Environmentally sound alternative fuel options offer great emissions savings over traditional gasoline, but what are they all about? Here’s a roundup of each:

Battery-electric and hybrid-electric vehicles:
Battery-electric cars draw all their power from an onboard battery, while hybrids use a combination of battery and gas motors to drastically increase fuel efficiency.

Both types produce much lower emissions (or virtually none at all, in the case of battery-electric cars), but hybrids are substantially more expensive than gas-only cars.

Battery-electric cars need to be charged every 100-200 kilometres (charging takes around 8 hours) and the entire battery needs to be replaced after 400-500 charges, making maintenance expensive.

A non-toxic fuel made from vegetable oils, animal fats and waste cooking oil. Biodiesel can be mixed with regular diesel fuel in just about any diesel engine and helps reduce emissions by about 60 to 80 per cent in respect to the quantity mixed (a 20 per cent mix will give 12 to 18 per cent lower emissions, for example).

Engines running on biodiesel deliver similar performance to regular diesel engines, but the fuel itself still isn’t commercially available on a large scale.

Biodiesel also tends to freeze (or turn to gel) at higher temperatures than regular diesel in colder weather.

A fuel made from the fermented sugars and starches found in agricultural products like corn and wheat. Ethanol burns with roughly 40 per cent lower emissions than gasoline and is a renewable fuel source.

Most modern gasoline engines can already run safely and effectively on a blend of up to 85 per cent ethanol and 15 per cent gasoline and many gas stations across Canada already offer gas with 10 per cent ethanol content.

Ethanol does contain slightly less energy than gasoline, increasing fuel consumption marginally (by about 2 per cent) compared to the same amount of gasoline.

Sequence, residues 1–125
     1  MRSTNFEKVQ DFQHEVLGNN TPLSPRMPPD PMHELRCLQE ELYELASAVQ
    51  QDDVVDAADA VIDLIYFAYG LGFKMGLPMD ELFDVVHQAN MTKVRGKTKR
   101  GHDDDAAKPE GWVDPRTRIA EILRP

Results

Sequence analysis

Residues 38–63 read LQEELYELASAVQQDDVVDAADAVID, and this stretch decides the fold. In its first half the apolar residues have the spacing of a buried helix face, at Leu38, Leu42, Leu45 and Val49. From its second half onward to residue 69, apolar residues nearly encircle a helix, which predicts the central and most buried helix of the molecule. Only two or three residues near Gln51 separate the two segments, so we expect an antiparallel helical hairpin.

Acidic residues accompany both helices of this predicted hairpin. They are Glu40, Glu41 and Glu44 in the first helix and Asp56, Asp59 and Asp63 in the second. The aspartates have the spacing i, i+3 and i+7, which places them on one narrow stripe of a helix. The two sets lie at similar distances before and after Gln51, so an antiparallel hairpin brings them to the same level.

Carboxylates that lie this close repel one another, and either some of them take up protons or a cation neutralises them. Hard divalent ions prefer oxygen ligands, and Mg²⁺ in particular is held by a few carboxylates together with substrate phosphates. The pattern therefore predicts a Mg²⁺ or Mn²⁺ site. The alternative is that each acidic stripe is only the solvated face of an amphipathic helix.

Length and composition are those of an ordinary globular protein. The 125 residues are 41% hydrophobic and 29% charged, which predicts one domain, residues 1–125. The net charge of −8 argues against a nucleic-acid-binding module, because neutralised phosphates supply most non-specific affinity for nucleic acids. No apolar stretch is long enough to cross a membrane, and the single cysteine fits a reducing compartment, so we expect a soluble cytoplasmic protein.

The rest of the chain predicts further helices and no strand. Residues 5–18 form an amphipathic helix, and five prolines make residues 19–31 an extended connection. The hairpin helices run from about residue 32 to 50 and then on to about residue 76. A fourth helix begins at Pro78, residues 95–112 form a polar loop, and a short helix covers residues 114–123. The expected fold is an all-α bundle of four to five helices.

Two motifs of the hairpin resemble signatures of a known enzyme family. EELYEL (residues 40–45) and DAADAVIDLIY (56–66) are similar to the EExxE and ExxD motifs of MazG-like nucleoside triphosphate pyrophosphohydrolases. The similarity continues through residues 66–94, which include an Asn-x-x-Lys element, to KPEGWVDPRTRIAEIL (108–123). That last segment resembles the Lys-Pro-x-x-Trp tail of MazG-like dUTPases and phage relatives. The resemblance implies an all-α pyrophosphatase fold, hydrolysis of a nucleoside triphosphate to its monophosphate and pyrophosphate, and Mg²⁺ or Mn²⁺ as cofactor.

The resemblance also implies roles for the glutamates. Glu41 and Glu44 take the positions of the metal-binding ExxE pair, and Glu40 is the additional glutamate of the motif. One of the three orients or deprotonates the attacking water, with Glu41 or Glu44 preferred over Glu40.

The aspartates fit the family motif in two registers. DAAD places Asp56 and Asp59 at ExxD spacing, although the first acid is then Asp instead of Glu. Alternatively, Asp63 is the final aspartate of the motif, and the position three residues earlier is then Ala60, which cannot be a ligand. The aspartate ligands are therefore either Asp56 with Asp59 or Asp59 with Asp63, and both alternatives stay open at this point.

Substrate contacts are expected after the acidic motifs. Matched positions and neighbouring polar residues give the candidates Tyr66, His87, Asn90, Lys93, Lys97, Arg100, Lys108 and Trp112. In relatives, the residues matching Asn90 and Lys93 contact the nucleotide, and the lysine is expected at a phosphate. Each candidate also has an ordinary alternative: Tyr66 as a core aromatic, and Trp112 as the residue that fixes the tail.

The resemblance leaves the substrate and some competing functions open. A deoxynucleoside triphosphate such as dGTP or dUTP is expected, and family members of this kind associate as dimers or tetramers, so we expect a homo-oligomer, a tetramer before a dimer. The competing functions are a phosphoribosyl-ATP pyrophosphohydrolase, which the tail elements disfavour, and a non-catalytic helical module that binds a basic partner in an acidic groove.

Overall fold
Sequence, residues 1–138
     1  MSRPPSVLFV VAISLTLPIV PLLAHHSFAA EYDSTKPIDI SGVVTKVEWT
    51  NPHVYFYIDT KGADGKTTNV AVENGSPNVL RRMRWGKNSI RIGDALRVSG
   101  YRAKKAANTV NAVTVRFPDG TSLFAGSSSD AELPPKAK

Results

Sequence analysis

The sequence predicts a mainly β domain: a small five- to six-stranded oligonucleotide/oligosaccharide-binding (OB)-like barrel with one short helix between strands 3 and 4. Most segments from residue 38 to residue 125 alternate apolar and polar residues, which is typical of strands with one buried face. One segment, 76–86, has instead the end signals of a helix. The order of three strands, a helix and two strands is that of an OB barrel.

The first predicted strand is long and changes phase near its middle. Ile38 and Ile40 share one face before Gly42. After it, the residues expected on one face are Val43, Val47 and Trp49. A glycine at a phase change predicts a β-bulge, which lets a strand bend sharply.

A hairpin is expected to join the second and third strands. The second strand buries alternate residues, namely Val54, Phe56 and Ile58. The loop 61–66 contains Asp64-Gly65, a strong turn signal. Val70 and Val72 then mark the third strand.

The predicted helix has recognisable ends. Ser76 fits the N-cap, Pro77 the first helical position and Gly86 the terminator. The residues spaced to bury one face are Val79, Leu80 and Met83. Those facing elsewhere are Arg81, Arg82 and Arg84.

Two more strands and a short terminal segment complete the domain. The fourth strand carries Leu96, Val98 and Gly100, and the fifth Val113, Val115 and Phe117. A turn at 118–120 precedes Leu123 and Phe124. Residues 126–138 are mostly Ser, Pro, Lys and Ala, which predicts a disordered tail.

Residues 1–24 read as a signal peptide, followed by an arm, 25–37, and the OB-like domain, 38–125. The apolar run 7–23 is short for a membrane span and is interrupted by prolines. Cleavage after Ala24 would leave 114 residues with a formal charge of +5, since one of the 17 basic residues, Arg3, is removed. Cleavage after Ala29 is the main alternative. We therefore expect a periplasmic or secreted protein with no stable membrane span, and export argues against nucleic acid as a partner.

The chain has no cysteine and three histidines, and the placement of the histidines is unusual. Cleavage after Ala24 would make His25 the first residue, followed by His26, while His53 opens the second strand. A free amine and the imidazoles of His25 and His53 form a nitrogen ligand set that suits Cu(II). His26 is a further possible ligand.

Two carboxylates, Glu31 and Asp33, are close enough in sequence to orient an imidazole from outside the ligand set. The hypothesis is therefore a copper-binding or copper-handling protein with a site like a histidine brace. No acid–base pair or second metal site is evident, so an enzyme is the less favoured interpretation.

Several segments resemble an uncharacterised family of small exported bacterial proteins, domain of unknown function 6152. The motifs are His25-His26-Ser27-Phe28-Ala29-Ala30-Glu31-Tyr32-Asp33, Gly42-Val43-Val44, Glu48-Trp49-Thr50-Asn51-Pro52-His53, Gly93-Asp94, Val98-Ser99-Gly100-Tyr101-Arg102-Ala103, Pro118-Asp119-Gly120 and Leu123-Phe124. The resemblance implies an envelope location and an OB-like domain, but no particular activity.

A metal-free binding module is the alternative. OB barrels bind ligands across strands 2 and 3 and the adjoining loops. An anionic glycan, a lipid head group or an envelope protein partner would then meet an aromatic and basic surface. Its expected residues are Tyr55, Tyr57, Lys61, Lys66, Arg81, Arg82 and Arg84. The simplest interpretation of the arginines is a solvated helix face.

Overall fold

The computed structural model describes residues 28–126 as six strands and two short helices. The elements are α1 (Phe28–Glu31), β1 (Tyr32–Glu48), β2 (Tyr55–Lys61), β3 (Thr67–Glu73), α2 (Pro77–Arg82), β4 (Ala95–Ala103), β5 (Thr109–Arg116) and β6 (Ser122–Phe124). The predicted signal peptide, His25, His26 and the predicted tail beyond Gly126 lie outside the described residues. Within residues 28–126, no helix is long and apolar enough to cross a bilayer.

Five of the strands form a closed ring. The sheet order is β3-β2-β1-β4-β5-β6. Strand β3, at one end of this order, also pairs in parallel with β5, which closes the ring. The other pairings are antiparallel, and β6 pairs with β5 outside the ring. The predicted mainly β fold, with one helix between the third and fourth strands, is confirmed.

Fuel Cells & Hydrogen:
Fuel cells combine hydrogen and oxygen to create electrical current, with the hydrogen capable of being sourced from a variety of fuels.

Engines running on hydrogen produce virtually no emissions other than water and vapour, and can reduce greenhouse gas emissions by between 30 and 90 per cent depending on the source fuel used.

Unfortunately, the technology is not available commercially and no public refuelling system exists in the market.

Natural Gas:
Popular in Europe and Asia, natural gas is abundant and runs cleaner than gasoline. Many taxi and bus fleets already run on the fuel. Regular gasoline vehicles have to be modified to run on natural gas, but conversions can average $6,000 in costs. An increasing number of gas stations in Canada offer natural gas at the pump.

Propane is a clean-burning fuel that can reduce greenhouse gas emissions by about 20 per cent and also contains many fewer toxic pollutants than gasoline. Contrary to popular belief, propane is actually less likely to ignite in a car accident than gasoline, due to requiring higher concentrations and a much higher temperature to ignite. Tank-filling requires more care, though. Propane is about 25 to 30 per cent cheaper overall than gasoline for travel but converting a car to run on it averages about $4,000 dollars. Roughly 3,000 gas stations offer propane refills around the country.
– Source: National Resources Canada
Office of Energy Efficiency

Environment Canada, Natural Resources Canada and Agriculture and Agri-food Canada say they’re putting bets on renewable biofuels as the most viable alternatives to gasoline. “Currently, the most accessible alternative fuel source that is easily integrated with our existing vehicle and fuel infrastructure is biofuels such as ethanol and biodiesel. Renewable fuels contribute to reduction of greenhouse gas emissions and at the same time offer a great economic opportunity for our farmers and rural communities,” they said in a joint statement to Metro.

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